[Em] Entry month:1801
[Cu] Class update date: 180222
[Lr] Last revision date:180222
[Js] Journal subset:IM
[Da] Date of entry for processing:161025
[St] Status:MEDLINE

  4 / 7971 MEDLINE  
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[PMID]: 29444629
[Au] Autor:Verin R; Cian F; Stewart J; Binanti D; MacNeill AL; Piviani M; Monti P; Baroni G; Le Calvez S; Scase TJ; Finotello R
[Ad] Address:1 Department of Veterinary Pathology and Public Health, Institute of Veterinary Science, University of Liverpool, Liverpool, UK.
[Ti] Title:Canine Clitoral Carcinoma: A Clinical, Cytologic, Histopathologic, Immunohistochemical, and Ultrastructural Study.
[So] Source:Vet Pathol;:300985818759772, 2018 Jan 01.
[Is] ISSN:1544-2217
[Cp] Country of publication:United States
[La] Language:eng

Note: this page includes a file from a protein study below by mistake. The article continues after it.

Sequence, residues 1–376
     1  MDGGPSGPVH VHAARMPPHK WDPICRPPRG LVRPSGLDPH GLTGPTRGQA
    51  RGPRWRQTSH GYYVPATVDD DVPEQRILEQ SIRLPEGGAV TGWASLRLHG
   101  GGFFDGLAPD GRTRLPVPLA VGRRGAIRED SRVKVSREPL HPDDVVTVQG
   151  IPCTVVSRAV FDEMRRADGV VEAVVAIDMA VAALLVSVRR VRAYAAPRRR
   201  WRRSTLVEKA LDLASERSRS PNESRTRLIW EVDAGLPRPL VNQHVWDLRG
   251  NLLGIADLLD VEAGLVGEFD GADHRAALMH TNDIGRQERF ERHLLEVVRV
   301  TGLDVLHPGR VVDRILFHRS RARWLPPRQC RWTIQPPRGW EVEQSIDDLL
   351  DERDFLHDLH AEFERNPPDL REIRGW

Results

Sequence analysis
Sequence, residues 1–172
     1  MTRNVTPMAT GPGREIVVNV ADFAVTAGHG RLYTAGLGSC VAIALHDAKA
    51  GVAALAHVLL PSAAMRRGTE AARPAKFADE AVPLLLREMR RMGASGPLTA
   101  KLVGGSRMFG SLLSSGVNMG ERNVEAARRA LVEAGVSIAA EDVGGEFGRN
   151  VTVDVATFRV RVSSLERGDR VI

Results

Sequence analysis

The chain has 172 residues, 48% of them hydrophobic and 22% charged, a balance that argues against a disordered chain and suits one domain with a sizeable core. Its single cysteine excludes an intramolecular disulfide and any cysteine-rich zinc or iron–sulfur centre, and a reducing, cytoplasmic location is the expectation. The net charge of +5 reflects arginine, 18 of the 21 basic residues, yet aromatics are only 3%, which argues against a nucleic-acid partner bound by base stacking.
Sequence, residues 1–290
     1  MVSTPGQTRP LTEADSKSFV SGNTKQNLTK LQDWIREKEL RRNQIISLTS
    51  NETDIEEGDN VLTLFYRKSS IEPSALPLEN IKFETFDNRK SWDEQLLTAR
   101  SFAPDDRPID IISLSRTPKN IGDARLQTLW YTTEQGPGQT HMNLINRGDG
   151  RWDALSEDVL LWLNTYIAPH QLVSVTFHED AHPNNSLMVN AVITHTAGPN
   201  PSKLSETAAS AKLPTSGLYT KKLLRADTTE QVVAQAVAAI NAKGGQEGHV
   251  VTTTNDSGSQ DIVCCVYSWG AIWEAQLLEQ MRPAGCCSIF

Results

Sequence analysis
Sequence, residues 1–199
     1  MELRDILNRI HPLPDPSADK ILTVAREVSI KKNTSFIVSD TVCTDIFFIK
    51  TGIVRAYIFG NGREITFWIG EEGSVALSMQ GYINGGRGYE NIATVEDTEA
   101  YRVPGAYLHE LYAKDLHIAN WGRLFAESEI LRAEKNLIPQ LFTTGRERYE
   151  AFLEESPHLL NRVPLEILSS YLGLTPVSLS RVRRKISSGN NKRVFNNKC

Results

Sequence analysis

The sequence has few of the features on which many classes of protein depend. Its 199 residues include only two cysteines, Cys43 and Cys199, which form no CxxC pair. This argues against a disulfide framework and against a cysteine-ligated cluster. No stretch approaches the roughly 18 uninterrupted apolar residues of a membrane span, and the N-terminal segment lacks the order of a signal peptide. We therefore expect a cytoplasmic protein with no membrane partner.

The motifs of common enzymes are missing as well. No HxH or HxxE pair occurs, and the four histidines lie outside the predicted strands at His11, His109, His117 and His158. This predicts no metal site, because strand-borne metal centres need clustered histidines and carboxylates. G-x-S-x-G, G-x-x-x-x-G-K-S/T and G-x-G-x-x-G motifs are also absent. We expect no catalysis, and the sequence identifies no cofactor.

[Ab] Abstract:Vaginal and vulvar tumors are uncommon in dogs. Knowledge of canine primary clitoral neoplasia is restricted to a few case reports, and only carcinomas have been reported. Cytologic and histologic features reported in the literature seem to overlap with those of canine apocrine gland anal sac adenocarcinoma (AGASA). Clinical features also recall those of canine AGASA, such as locoregional metastases and hypercalcemia of malignancy (HM). In this study, 6 cases of primary canine clitoral carcinomas (CCCs), with and without HM, were investigated by means of cytology, histopathology, electron microscopy, and immunohistochemistry for neuroendocrine markers including chromogranin A (CGA), synaptophysin (SYN), neuron-specific enolase (NSE), and S-100. In all 6 tumors, cytologic findings were consistent with malignant epithelial neoplasia of apocrine gland origin. The tumors examined were classified into 3 different histological patterns representing different degrees of differentiation: tubular, solid, and rosette type. Both CGA and SYN were mildly expressed in 2 of 6 tumors, while NSE was consistently expressed in all 6 cases. None of the tumors were S-100 positive. Transmission electron microscopy revealed electron-dense cytoplasmic granules compatible with neuroendocrine granules in all 6 cases. CCCs presented clinicopathologic features resembling AGASAs with neuroendocrine characteristics, and 2 of 6 neoplasms were considered as carcinomas with neuroendocrine differentiation and were positive for 3 neuroendocrine markers. CCCs can often present with HM, and long-term outcome is likely poor. Our study concludes that CCC seems to be a rare tumor, but it might be underestimated because of the overlapping features with AGASA. Further studies should aim to define the true incidence of this disease.